• Peer Review
  • Probationary Period forms

Forms can be used to glean information from one member of staff to whole departments or entire organisations.  They can be created for informal/formal observations to self-reflective self-improvement tools, and indeed anything in-between.  The same questions can be posed on different forms for different audiences, in preparation for reporting and analysing down to a granular level.  Forms can be created with the intention of a colleague to complete or for the staff member themselves to complete.  In short, the scope is endless and the features and functions flexible.

The big question though is how to make the completion of the observation and monitoring forms easy to set up, administer and use, and then how to make sense of the data gleaned from across a variety of resources.  iP makes this easy!  Let’s review each area step by step:-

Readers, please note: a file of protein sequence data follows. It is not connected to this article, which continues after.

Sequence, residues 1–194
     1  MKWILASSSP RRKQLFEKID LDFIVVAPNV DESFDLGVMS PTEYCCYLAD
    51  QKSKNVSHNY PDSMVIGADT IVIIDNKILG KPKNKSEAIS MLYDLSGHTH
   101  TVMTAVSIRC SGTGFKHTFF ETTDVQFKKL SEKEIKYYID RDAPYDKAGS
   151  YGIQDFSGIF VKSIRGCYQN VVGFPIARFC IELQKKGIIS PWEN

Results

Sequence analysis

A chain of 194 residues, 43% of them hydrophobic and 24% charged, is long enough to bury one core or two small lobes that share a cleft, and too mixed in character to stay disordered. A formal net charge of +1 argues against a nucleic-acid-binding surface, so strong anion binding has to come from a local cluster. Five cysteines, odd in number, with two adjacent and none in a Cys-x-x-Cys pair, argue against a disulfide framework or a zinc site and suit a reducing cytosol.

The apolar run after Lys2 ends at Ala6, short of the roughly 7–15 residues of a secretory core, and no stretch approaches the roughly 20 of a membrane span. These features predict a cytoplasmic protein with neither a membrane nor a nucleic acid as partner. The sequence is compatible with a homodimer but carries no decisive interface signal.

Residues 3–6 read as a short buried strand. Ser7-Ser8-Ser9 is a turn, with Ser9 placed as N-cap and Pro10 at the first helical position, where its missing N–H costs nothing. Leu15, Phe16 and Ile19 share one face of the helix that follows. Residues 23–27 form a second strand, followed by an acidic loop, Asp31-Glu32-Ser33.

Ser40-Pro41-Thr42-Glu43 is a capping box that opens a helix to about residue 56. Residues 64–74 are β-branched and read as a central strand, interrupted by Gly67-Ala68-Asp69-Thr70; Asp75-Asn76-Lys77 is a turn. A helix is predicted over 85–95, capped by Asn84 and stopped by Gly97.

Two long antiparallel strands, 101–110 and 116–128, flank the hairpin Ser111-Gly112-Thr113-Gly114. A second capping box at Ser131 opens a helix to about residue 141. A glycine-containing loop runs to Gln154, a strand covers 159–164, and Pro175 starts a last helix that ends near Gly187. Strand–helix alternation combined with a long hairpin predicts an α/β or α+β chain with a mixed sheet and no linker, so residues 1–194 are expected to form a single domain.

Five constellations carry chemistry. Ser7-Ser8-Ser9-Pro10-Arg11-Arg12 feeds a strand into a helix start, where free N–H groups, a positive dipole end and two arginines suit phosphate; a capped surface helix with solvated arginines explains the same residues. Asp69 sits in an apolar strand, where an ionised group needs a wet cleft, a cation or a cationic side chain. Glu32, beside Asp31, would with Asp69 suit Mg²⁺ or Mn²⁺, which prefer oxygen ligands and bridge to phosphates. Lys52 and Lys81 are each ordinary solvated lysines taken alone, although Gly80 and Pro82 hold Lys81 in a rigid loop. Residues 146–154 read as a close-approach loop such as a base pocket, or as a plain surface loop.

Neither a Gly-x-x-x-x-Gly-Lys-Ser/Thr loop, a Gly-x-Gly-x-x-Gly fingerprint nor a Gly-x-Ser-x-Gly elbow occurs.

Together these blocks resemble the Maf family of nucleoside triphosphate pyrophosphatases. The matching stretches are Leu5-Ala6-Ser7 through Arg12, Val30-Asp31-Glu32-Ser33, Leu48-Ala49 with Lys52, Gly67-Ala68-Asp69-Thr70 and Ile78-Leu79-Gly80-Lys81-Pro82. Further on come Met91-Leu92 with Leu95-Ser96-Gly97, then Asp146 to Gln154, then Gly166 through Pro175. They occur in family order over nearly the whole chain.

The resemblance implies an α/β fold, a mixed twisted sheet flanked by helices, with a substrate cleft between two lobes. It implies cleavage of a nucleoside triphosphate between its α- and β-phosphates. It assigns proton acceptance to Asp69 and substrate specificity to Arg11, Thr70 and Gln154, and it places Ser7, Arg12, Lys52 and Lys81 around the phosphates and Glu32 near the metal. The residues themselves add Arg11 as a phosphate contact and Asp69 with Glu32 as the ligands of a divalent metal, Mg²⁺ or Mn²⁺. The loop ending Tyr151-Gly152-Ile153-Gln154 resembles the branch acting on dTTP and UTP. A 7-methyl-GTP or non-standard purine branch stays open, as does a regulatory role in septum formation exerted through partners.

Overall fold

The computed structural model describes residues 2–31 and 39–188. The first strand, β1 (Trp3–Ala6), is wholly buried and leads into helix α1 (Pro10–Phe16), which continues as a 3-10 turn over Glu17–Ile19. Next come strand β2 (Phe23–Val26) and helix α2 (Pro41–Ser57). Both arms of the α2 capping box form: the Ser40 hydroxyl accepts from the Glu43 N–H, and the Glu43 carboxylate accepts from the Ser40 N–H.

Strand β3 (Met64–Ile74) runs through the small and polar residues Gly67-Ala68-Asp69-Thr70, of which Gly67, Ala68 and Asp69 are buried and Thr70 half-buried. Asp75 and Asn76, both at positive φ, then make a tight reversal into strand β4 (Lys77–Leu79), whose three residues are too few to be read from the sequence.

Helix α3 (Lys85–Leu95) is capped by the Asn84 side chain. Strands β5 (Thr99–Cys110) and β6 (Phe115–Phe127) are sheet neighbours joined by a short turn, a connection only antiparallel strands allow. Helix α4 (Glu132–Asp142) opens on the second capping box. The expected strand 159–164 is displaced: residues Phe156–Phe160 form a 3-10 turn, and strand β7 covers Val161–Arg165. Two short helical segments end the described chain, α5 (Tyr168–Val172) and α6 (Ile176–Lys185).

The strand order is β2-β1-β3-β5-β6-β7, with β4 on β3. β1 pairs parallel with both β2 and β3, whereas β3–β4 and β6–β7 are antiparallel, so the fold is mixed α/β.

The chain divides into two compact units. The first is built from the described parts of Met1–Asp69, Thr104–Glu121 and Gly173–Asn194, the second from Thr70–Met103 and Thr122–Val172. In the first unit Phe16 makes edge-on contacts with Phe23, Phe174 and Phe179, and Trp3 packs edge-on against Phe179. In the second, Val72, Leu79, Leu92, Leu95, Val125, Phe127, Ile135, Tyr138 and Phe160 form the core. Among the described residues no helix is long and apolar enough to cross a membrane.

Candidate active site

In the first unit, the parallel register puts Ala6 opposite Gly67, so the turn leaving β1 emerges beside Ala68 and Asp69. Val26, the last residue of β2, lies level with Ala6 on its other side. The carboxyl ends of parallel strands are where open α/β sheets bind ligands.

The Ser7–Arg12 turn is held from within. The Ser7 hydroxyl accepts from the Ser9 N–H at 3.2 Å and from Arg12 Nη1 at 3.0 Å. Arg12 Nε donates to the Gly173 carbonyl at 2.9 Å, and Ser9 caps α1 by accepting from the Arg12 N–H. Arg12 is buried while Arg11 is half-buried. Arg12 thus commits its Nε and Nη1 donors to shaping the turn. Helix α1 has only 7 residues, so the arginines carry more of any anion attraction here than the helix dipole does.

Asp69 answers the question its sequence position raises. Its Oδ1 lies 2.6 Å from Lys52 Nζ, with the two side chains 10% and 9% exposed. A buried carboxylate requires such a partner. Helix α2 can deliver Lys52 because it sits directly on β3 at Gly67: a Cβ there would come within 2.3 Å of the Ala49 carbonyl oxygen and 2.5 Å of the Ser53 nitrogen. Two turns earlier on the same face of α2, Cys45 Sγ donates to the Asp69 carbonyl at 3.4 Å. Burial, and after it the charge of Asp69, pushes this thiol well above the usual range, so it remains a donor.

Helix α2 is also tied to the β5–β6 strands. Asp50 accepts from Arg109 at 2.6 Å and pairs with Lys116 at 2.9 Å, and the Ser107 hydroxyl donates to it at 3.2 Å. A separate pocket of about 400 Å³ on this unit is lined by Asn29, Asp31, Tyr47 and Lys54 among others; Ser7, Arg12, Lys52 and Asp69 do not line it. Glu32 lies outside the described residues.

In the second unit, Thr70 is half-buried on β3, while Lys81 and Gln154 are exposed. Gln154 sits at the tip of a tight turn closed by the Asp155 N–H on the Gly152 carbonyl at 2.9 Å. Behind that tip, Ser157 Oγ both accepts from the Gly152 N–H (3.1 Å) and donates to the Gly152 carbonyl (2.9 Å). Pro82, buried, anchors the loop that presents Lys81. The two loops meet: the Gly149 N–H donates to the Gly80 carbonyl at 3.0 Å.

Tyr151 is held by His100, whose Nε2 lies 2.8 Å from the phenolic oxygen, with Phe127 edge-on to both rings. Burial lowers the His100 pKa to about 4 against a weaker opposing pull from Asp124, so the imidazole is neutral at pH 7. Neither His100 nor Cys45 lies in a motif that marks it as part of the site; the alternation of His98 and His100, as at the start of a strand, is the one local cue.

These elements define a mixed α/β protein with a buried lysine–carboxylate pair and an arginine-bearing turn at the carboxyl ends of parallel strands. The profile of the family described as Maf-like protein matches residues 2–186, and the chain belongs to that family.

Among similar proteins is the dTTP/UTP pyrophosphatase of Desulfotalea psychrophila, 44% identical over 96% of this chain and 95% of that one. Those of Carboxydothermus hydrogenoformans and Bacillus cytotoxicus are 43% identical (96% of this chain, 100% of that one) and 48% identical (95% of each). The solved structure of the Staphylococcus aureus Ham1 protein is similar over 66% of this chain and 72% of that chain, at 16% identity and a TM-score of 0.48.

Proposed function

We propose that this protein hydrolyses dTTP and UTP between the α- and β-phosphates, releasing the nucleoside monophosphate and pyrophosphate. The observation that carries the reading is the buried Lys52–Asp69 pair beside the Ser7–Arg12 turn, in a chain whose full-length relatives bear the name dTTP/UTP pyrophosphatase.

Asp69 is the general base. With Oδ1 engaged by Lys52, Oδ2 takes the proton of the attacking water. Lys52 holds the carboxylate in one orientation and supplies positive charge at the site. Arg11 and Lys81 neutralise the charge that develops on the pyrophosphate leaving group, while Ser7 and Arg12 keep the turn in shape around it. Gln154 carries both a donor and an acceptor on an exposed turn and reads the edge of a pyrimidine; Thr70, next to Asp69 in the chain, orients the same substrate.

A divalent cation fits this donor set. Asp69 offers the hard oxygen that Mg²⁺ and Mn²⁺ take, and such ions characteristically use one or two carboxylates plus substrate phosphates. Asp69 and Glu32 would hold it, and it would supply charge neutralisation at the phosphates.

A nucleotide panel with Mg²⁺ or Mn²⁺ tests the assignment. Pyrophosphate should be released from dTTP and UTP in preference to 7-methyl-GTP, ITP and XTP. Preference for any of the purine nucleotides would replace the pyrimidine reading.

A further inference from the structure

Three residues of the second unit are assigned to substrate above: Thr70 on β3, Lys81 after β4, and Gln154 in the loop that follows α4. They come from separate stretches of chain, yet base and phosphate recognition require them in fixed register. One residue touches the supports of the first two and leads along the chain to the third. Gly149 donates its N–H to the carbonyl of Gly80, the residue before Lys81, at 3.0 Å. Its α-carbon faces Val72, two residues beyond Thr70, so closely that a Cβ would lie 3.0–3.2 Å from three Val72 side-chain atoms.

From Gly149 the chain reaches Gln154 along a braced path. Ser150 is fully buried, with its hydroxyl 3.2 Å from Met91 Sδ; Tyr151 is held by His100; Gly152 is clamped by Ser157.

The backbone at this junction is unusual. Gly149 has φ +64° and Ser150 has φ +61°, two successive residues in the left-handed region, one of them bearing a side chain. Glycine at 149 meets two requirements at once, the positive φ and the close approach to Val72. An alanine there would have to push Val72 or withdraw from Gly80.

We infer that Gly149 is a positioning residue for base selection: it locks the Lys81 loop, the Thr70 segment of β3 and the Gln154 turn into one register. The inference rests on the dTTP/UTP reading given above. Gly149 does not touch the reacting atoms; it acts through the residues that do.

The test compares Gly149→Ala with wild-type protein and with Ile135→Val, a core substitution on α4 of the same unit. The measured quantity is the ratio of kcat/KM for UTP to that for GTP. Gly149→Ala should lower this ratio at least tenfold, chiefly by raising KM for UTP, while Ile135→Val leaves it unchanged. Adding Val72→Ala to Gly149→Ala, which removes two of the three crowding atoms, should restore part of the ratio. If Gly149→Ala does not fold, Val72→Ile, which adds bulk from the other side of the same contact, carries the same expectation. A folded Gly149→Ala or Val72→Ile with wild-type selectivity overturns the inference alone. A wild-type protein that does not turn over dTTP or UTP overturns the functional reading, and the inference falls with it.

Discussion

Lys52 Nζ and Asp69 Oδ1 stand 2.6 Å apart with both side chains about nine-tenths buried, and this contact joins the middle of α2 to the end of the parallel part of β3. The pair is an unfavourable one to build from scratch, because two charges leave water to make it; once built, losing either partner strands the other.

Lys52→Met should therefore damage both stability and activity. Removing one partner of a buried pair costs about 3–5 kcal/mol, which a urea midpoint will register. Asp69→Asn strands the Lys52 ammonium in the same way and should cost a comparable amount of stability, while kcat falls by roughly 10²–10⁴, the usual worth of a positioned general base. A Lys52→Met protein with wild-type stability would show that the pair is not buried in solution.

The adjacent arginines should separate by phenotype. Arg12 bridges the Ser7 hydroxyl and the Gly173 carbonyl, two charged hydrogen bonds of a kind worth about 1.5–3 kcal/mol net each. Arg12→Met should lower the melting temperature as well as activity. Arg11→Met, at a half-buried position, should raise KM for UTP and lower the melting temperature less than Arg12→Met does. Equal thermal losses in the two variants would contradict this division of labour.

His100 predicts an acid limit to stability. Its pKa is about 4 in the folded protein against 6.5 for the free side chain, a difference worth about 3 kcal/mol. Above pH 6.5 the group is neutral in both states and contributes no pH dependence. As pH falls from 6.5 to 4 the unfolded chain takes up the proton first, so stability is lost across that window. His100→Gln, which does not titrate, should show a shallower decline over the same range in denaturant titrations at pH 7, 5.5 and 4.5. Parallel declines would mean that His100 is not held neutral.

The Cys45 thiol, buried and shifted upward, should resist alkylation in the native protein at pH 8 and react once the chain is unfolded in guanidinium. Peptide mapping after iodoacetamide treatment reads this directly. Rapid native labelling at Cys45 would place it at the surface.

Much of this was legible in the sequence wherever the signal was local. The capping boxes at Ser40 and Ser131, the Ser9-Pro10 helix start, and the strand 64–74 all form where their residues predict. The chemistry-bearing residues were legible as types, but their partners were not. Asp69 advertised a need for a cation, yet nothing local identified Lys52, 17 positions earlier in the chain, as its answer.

1. Setting up an observation/monitoring form in iP
  2. Administering a form in iP
  3. Completing a form in iP
  4. Data analysis and reporting of observations/monitoring in iP

Watch the video here to gain a quick overview https://www.derventioeducation.com/schoolip-further-information/monitoring-and-observations  

Setting up an observation/monitoring form in iP

The simplest solution is to send your existing form to us.   We will spend time discussing the best options for set-up in relation to your expected outcomes, and then iP will create it for you. Alternatively, book in for FREE and UNLIMITED online training or follow the instructions in the guide https://courses1.schoolip.co.uk/_help/PDF/Training%20Guide%20Documents/Course%203%20-%20Administrator%20Training.pdf.  

Observation Settings 

The guide will show you how to:-

  • Create a form utilising a choice of questions and answer formats  
  • Set a form type e.g. Probation Forms, OTLA Forms, Staff well-being surveys etc. Dependent on your organisation's reporting needs